Ljubljana

Aleš Gačnik: Professor and researcher at the University of Primorska

10 Nov 2019
Aleš Gačnik is a doctor of ethnological sciences and sociologist of culture, as well as an expert in wine, culinary and gastronomy tourism and culture. He is a professor at the University of Primorska, Faculty of Tourism Studies Turistica, and is also the head of the Centre for Gastronomy and Wine Culture. In addition to being the author of many monographs and scientific articles published both in Slovenia and internationally.

Are there any wine-related courses at your Faculty?

Of course! At Turistica students are taught about the culture of wine and wine tourism within several subjects, including Gastronomy Tourism, Culinary Culture, Culture of Food and Culinary Tourism within the doctoral study programme Innovative Tourism. Additionally, there are annual specialised gastronomy study tours in various gastronomic regions, especially in Slovenia, as well as participation in numerous wine events and festivals. I’ve also noticed a growing interest in wine, culinary and gastronomy tour- ism within the context of graduate, master and doctoral theses.

How big of a role does wine tourism play in Slovenia?

For now, too small! We have many excellent winemakers who receive the highest awards at the most important international competitions, but wine is one thing and wine tourism is another. In Slovenia, we can talk about different stages of development of wine tourism in individual wine-growing regions, among which is the Primorska wine-growing region, headed by the wine growing district of Goriška Brda. To put it simply, we can say that the alphabet of wine tourism in the context of all the wine-growing regions of Slovenia is still being taught. We lack the boldness, creativity and innovation that should be based on the richness of our wine (and culinary) heritage. But things are changing rapidly. In the area of wine and culinary events, we are surely a “European superpower”, but in the field of infrastructure investments and the organisation of wine tourism, much will have to be done. What we currently lack the most and what we have been trying for many years to achieve, is an overall strategy of development of wine tourism.

What challenges does Slovenia face in terms of further developing its wine tourism sector?

First of all, we need an effective strategy for the development of wine tourism. Then we have to invest in knowledge in the field of wine tourism: we need to train winemakers with knowledge in the field of tourism and the tourism sector (catering, hotel industry) with knowledge in the field of gastronomy. That is why I see the orientation of Slovenia in gastronomy tourism (as a mix of wine and culinary culture) as one of the most strategic development policies of the country. We need to be both in the past and in the future at the same time. We must especially provide for international promotion of the oldest vine in the world from Maribor, which for me represents the “zero point” of wine tourism in Slovenia. It is a symbol and the most important medium of global communication of our wine culture and wine tourism.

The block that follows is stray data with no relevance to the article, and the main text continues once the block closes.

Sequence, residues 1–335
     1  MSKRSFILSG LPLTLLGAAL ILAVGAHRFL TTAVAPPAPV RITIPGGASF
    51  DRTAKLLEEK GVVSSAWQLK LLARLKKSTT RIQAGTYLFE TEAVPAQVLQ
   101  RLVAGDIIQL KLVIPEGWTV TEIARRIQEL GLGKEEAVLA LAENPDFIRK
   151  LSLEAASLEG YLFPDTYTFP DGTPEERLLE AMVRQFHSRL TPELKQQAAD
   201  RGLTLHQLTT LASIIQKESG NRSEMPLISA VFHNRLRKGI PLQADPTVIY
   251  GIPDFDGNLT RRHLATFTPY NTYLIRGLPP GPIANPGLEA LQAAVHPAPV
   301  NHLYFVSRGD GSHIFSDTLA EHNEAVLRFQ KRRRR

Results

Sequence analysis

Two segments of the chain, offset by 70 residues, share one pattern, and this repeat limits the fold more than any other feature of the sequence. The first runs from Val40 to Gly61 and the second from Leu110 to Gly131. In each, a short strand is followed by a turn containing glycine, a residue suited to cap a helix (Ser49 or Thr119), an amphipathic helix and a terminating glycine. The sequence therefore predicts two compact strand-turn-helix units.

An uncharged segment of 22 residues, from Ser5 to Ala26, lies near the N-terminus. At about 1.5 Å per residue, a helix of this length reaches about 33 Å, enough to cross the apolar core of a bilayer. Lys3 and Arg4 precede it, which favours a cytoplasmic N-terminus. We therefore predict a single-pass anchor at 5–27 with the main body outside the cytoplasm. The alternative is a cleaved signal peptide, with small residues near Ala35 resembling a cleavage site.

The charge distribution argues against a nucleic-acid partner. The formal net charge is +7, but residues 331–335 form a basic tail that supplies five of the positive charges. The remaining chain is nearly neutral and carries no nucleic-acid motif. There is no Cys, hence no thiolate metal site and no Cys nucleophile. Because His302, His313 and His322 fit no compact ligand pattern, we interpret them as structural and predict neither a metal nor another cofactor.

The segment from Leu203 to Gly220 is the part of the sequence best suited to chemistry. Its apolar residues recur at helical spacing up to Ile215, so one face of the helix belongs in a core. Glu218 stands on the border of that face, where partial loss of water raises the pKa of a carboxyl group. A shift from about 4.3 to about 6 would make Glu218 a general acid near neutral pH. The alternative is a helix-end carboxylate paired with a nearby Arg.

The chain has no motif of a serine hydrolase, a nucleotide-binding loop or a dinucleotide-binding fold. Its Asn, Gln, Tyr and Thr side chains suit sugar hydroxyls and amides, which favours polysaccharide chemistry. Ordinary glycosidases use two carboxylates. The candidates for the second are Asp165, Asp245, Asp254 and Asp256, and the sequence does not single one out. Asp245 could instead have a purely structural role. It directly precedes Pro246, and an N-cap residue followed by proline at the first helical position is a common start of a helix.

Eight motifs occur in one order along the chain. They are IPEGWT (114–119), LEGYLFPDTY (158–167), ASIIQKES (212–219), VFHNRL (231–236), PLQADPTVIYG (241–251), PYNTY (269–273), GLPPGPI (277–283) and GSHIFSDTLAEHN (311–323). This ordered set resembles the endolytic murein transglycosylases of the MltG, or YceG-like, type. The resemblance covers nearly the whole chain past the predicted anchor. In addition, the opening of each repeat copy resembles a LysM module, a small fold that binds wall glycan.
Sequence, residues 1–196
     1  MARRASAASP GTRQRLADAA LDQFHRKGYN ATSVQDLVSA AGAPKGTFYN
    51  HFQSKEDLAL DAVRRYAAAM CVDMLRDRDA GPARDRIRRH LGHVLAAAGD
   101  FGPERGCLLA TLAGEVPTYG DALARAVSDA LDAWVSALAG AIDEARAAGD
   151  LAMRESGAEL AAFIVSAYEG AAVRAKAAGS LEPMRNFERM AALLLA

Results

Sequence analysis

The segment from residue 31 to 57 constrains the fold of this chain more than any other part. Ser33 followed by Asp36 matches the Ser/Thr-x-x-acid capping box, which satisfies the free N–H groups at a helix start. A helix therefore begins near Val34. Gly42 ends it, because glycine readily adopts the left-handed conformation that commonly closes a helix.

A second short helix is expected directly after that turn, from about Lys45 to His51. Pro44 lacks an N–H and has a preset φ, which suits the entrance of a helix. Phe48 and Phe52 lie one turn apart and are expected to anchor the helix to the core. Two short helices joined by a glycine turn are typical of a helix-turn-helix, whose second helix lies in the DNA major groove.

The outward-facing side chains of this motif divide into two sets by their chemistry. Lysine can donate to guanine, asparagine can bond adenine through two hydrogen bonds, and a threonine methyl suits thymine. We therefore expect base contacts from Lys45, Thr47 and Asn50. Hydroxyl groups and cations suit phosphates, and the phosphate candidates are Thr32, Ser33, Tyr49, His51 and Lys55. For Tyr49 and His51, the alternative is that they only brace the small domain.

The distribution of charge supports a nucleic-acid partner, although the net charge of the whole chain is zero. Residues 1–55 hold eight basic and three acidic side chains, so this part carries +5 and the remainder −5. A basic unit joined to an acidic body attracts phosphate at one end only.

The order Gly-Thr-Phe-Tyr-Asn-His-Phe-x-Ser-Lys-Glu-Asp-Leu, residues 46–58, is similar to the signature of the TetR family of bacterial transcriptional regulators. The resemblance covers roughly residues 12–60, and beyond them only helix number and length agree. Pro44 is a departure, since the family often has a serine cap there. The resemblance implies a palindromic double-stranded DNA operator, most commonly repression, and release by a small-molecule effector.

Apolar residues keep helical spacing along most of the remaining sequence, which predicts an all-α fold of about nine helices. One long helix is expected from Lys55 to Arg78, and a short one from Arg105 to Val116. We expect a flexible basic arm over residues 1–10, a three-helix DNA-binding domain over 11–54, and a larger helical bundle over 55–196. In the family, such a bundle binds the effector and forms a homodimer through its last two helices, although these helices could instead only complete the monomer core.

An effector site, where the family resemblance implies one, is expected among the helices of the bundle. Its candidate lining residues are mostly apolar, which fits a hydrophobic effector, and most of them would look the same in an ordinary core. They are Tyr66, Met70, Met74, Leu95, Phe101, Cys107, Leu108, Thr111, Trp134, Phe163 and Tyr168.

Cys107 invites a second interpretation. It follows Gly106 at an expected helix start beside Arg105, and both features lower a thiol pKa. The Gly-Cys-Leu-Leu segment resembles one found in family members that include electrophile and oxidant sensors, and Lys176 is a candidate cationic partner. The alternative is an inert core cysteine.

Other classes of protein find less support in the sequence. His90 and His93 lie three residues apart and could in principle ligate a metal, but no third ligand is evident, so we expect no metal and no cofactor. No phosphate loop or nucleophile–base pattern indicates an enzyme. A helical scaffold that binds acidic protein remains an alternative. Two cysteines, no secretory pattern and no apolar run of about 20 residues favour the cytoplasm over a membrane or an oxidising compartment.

As a destination for wine tourism, what can Slovenia learn from more established regions?

From them we can learn how to think about wine tourism in the first row! How to respect its differentiation and uniqueness, how to integrate the heritage of viticulture and winemaking with modern technologies, art and expectations, creativity and innovation in the organisation, marketing and promotion of wine tourism. We can learn from them that wine tourism is not only the domain of small, boutique wine cellars, but also large ones, which together form the offer of a wine tourism destination. We can also learn from examples for the creation of modern wine museums or interpretational centres, which represent important cultural attractions of the destination. Wine tourism in these wine-growing regions is not only a generator of tourism but of integrated, sustainable regional development.

And what can Slovenia offer that these other regions can’t?

First of all we must know how to offer our “culturological terroir”! From the point of view of international promotion and communication of Slovenia as a wine tourist destination, it is most important that we respect and know our own identity, in the context of European wine culture. Our diversity and uniqueness is marked with our heritage and culture, wine-growing land- scape, with hospitality, and must be marked by our creativity and innovation, since wine tourism is a global phenomenon that is marketed locally.

This interview is taken from the book THE Slovenia Wine: Top 125 Experiences, which you can read more about here. You can connect with Prof Gačnik on LinkedIn here, or follow his frequent culinary and wine adventures on Instagram here.

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